The Large Hadron Collider (LHC) is the world's largest and highest-energy particle accelerator complex, intended to collide opposing beams of protons charged with very high energy. Its main purpose is to explore the validity and limitations of the Standard Model, the current theoretical picture for particle physics. It is theorized that the collider will confirm the existence of the Higgs boson, the observation of which could confirm the predictions and missing links in the Standard Model, and could explain how other elementary particles acquire properties such as mass.
The LHC was built by the European Organization for Nuclear Research (CERN), and lies underneath the Franco-Swiss border near Geneva, Switzerland. It is funded by and built in collaboration with over eight thousand physicists from over eighty-five countries as well as hundreds of universities and laboratories. The LHC is already operational and is presently in the process of being prepared for collisions. The first beams were circulated through the collider on 10 September 2008, and the first high-energy collisions are planned to take place after the LHC is officially unveiled on 21 October.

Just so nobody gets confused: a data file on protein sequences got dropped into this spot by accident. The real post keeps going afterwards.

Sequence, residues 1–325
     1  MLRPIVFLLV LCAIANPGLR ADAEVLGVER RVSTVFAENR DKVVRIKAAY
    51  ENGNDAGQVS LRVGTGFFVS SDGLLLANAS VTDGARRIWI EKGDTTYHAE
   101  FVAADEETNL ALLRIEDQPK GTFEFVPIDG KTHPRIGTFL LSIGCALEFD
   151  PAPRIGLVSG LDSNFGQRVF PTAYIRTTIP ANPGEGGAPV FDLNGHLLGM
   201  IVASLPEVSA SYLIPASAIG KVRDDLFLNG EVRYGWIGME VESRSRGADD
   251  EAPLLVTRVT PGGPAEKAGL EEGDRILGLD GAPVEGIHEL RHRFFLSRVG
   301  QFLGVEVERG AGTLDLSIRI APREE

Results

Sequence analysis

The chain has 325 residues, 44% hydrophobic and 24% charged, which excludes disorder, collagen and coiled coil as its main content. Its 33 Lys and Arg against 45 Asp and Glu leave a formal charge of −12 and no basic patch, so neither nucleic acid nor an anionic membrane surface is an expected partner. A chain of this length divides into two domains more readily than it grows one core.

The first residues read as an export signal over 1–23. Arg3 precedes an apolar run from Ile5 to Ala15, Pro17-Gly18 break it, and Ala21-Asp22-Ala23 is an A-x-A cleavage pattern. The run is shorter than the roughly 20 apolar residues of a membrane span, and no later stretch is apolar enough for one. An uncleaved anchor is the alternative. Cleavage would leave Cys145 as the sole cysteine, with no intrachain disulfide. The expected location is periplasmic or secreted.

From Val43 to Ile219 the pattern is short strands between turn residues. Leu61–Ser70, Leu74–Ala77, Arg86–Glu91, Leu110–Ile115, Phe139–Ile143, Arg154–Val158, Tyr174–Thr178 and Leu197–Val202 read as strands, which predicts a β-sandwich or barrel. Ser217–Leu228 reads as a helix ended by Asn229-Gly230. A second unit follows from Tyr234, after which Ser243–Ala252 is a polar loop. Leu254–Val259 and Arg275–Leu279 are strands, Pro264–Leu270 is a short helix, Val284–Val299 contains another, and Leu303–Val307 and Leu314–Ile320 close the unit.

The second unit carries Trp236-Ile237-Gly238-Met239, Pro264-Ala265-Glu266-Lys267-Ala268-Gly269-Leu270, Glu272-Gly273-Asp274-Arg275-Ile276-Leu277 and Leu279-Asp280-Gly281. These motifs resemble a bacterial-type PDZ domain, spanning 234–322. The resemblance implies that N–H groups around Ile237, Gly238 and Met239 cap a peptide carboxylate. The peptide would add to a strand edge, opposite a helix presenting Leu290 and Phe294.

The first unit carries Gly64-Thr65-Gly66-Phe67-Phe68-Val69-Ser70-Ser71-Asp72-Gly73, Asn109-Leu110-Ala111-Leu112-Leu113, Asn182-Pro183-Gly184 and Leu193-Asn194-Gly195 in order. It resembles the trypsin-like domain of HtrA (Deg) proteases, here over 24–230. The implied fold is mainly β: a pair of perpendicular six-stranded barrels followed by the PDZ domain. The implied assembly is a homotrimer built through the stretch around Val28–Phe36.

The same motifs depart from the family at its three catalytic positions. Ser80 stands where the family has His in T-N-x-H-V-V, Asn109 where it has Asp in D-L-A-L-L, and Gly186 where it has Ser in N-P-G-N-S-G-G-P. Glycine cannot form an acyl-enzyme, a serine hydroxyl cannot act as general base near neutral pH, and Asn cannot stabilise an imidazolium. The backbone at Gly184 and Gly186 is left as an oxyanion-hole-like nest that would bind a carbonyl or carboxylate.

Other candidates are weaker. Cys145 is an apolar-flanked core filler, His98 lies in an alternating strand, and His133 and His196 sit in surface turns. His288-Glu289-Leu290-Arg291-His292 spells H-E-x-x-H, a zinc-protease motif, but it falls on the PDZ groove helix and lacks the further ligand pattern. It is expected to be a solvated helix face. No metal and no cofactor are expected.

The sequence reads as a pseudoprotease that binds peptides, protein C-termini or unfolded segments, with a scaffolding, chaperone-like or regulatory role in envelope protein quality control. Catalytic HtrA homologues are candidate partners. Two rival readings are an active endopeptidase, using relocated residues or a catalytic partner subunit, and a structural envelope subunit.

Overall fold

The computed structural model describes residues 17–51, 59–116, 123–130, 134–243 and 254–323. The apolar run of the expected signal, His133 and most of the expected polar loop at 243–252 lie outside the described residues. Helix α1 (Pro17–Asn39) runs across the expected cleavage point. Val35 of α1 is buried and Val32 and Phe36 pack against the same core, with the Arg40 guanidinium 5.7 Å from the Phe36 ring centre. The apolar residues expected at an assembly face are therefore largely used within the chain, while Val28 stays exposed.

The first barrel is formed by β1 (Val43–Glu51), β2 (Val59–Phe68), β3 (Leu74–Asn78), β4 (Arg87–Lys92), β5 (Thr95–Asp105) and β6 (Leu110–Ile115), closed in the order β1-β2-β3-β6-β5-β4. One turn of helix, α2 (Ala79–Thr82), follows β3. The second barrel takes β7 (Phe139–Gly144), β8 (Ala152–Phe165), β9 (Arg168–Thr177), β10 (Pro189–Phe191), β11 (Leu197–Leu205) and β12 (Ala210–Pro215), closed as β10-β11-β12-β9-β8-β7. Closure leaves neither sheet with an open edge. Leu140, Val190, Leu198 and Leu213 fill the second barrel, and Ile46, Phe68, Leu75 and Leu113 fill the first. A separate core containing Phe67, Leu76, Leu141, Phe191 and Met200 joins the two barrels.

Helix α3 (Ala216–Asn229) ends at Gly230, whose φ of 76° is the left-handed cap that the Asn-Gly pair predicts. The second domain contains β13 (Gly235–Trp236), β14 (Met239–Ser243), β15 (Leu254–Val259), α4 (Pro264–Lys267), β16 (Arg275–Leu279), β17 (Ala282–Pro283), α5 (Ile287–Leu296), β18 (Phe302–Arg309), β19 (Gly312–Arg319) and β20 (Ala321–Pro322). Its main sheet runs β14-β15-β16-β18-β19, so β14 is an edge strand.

Although a few individuals have questioned the safety of the planned experiments in the media and through the courts, the consensus in the scientific community is that there is no conceivable threat from the LHC particle collisions. As of 11 September, the LHC has not yet destroyed the Earth.